CA 2688510 CA2688510A1 (en) 2009-10-06 2009-12-14 Skin rejuvination resurfacing device and method of use

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US20120220813A1 (en) * 2011-01-25 2012-08-30 Sanford Lane Devices and methods for applying energy to a muscular layer
WO2013032094A1 (en) * 2011-08-26 2013-03-07 주식회사 아모레퍼시픽 Cosmetic device using high-frequency waves
EP2667801A1 (en) * 2011-01-28 2013-12-04 The General Hospital Corporation Method and apparatus for discontinuous dermabrasion
US8663162B2 (en) 2011-01-19 2014-03-04 Rejuvatek Medical Inc. Tattoo removal system
EP2734249A4 (en) * 2011-07-21 2015-03-11 Gen Hospital Corp Method and apparatus for damage and removal of fat
WO2016147136A1 (en) * 2015-03-18 2016-09-22 Aps S.R.L. Operating head for an automatic device for skin microdermabrasion
JP2016172029A (en) * 2011-01-28 2016-09-29 ザ ジェネラル ホスピタル コーポレイション Method and apparatus for skin resurfacing
US20160280596A1 (en) * 2015-03-25 2016-09-29 Vhsc, Ltd. Process for Remediating Alkali Silica Reactions Using a Micro Silica and Ozonation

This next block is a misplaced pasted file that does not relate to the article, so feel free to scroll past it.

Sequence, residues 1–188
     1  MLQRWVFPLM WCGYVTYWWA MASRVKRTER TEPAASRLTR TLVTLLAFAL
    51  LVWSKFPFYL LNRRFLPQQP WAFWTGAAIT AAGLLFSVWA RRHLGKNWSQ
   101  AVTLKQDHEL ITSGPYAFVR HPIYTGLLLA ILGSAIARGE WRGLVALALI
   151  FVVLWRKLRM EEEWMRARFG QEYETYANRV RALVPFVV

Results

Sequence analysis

WO2016168374A1 (en) * 2015-04-13 2016-10-20 Bellus Medical, Llc Collagen stimulation device and methods
US9629991B1 (en) 2016-06-08 2017-04-25 Eclipse Aesthetics, LLC Disposable radio frequency needle cartridges having absorbing containment barriers
US9636491B1 (en) 2016-06-08 2017-05-02 Eclipse Aesthetics, LLC Disposable needle cartridges having absorbing contaminant barriers
EP3076886A4 (en) * 2013-12-04 2017-11-15 Medmetics, LLC Skin puncturing device
EP3437575A1 (en) * 2013-03-15 2019-02-06 Edge Systems LLC Devices, systems and methods for treating the skin
US10220195B2 (en) 2016-06-08 2019-03-05 Eclipse Medcorp, Llc Radio frequency needling device for use with disposable needle cartridges
US10251792B2 (en) 2013-02-20 2019-04-09 Cytrellis Biosystems, Inc. Methods and devices for skin tightening
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US20090105706A1 (en) * 2006-07-05 2009-04-23 Bovie Medical Corporation Apparatus and method for skin tightening and corrective forming
US9737359B2 (en) 2006-07-05 2017-08-22 Rf Kinetics Inc. Apparatus and method for skin tightening and corrective forming
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KR20180121678A (en) * 2011-01-28 2018-11-07 더 제너럴 하스피탈 코포레이션 Method and apparatus for discontinuous dermabrasion
EP2667802A4 (en) * 2011-01-28 2016-11-30 Gen Hospital Corp Method and apparatus for skin resurfacing